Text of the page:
Tuesday, 30 January 2007

Swimathon 2007

Right here we go, the challenge I have decided to undertake is to swim for charity! The target is to raise valuable funds for Marie Curie, who nurse terminally ill cancer patients at home. The financial target is to raise £1,000 although I will reserve the right to up the target as donations flood in! The physical challenge is to swim 5km at Gloucester Leisure Centre on the 25th March in a 3 hour period. Training will begin in earnest on the 1st February when alcohol consumption will cease, perhaps the hardest challenge? You can read more about the national challenge on http://www.swimathon.org/

If you feel the need to help me raise these funds you can do so on-line, (just click on the above) or if you are passing the office then do call in where there is a sponsorship form! Thank you in advance.

On a different tack another date for your diary, the 15th APRIL, is our next lambing day! It was a great success last year so book early as places will be reserved on a first come basis!

Friday, 26 January 2007

Getting Your Oats!

The first load of naked Oats was dispatched today from the grainstore bound for 'Morning Foods' in Crewe. The lorry arrived whilst we were loading sugar beet and so a short wait was required. As it was the first load from the bulk store Graham had to open the store with the auger to take the pressure of the crop off before the doors could be opened to allow the JCB access. This load will have taken an hour to load although when we're in full swing it should only take about 25 minuets to load a 30 tonne lorry.

Thursday, 18 January 2007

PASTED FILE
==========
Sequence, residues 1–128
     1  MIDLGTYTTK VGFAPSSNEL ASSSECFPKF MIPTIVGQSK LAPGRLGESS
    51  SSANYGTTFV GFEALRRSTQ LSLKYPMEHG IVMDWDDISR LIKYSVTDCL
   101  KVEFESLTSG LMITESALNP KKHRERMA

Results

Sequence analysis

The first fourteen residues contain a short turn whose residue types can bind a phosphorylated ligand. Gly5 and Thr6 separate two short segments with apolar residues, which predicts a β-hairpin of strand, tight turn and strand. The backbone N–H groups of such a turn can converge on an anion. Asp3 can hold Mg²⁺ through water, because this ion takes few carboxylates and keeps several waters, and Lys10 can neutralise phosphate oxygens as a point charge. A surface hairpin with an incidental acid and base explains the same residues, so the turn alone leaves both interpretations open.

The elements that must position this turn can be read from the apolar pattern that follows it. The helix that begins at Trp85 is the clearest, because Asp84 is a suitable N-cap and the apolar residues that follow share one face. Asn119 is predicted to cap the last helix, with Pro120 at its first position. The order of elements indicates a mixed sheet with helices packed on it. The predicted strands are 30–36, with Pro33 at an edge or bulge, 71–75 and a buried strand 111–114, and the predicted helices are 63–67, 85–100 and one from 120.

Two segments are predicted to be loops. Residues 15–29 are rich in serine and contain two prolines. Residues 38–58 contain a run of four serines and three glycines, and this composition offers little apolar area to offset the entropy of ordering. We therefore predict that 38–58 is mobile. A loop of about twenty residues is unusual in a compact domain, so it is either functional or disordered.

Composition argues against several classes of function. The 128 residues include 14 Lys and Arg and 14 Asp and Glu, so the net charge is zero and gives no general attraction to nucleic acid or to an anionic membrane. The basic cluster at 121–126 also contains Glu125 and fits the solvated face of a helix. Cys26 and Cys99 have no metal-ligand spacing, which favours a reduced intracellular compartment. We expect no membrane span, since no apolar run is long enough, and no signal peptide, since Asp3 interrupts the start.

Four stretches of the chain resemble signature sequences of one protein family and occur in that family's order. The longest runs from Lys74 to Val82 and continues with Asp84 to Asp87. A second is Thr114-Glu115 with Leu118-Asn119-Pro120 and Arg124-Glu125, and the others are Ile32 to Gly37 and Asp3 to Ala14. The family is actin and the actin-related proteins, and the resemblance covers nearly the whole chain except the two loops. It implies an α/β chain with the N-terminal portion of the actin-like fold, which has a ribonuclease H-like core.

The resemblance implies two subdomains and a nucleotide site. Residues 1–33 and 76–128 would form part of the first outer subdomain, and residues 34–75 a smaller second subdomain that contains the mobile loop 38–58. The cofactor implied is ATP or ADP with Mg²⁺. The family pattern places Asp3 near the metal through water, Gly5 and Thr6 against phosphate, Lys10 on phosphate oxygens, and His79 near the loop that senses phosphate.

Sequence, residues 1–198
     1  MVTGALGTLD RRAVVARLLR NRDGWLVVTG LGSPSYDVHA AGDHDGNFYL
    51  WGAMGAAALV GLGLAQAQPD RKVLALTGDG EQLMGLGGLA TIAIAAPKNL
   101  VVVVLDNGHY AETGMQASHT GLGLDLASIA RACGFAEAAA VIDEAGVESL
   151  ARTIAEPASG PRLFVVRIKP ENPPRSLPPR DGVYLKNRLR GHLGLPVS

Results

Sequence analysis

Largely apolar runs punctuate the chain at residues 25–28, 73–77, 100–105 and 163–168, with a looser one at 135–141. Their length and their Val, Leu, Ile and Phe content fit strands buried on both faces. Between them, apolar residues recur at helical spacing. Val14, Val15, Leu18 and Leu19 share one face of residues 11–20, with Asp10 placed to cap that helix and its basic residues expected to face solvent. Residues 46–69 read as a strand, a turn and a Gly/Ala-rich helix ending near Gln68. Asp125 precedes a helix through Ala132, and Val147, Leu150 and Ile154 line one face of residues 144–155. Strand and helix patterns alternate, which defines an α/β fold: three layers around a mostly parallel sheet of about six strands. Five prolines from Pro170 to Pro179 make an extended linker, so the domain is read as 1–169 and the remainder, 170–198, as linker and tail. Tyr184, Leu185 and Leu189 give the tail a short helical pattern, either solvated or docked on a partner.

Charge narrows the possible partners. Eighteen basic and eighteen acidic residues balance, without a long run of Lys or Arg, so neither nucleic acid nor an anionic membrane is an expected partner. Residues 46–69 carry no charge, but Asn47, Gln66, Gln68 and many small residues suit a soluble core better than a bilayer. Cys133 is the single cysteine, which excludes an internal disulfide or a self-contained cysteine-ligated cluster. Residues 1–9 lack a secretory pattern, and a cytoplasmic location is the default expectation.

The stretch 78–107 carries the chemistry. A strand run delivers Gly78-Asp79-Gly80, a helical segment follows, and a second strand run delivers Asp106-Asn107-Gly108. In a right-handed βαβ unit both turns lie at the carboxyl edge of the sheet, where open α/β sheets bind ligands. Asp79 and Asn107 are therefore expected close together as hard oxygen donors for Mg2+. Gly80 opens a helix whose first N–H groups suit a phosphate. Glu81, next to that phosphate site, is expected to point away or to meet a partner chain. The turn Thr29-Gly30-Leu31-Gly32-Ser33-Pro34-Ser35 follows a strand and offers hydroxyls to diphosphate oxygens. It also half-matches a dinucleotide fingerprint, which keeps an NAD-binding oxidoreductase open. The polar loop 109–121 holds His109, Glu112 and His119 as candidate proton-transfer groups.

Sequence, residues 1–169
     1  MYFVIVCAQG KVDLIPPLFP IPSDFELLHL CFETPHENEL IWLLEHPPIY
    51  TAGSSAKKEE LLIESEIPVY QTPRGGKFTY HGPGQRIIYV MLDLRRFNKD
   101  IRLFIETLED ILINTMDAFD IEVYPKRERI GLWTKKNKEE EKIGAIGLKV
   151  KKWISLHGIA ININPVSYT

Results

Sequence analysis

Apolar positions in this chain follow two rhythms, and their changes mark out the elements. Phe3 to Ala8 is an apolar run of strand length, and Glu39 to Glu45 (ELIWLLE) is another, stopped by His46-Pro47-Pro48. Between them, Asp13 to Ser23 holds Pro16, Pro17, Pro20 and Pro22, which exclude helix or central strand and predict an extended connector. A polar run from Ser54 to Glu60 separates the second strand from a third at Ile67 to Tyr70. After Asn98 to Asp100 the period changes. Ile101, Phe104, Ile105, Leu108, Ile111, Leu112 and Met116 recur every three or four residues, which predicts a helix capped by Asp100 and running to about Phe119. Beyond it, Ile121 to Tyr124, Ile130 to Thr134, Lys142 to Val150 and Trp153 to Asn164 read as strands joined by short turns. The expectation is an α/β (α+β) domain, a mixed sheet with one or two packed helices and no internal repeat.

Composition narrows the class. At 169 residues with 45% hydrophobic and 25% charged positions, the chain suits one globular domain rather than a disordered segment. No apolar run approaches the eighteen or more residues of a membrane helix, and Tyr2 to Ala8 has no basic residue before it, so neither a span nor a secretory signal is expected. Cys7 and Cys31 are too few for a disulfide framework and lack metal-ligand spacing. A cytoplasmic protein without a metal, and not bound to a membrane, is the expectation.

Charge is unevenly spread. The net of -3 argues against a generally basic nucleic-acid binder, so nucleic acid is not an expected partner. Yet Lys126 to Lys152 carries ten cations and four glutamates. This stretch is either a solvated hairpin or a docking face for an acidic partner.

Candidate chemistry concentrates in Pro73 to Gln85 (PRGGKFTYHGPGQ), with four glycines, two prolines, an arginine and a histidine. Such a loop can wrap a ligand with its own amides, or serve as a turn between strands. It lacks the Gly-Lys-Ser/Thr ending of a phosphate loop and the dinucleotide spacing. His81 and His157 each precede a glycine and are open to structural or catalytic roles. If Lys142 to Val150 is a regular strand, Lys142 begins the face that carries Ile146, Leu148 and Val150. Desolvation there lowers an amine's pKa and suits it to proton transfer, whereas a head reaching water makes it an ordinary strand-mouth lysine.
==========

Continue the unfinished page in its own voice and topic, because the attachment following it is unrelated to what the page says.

Winter Fill

While the local rivers are all bursting their banks after the recent rains our main winter storage lagoon has been relatively low of water after the summer use for the salad onions. We have made some repairs to one of the legs of the jetty and filling can now commence! It puzzles me that when there is flood water about and it's merrily washing through peoples houses and blocking roads that we still have to pay to abstract water upstream of the flooding. You could argue that we are providing a public service, less damage to property, less insurance claims and so on, ending with the question, shouldn't we get paid to help?

Wednesday, 10 January 2007

You know its wet when.....

You are crop walking and upon return your boots weigh twice as much as you do.
When 5 minutes after washing your truck it needs doing again.
All the sheep are huddled under the one bush in the middle of a field.
A group of 4 Herons set up a stake-out in the middle of a field.
When Sian, Emma, Charlie, Fiona and the host of other weather reporters all say we're getting wet. How can they always get this weather correct? It's a completely different story in the summer!
When the rain gauge fills up over-night.
All your coats are wet because there's not enough time to get them dried.
All the local horses are turned out dressed in, to the untrained eye, water-proof coats, scarves and I'm sure I saw one with boots on.
The flood meadows are underwater (see above). These fields regularly flood, which provide nutrients for the field, relieves some down-stream pressure and provides a good damp habitat for wadding birds to forage and feed in.

Friday, 5 January 2007

A five things meme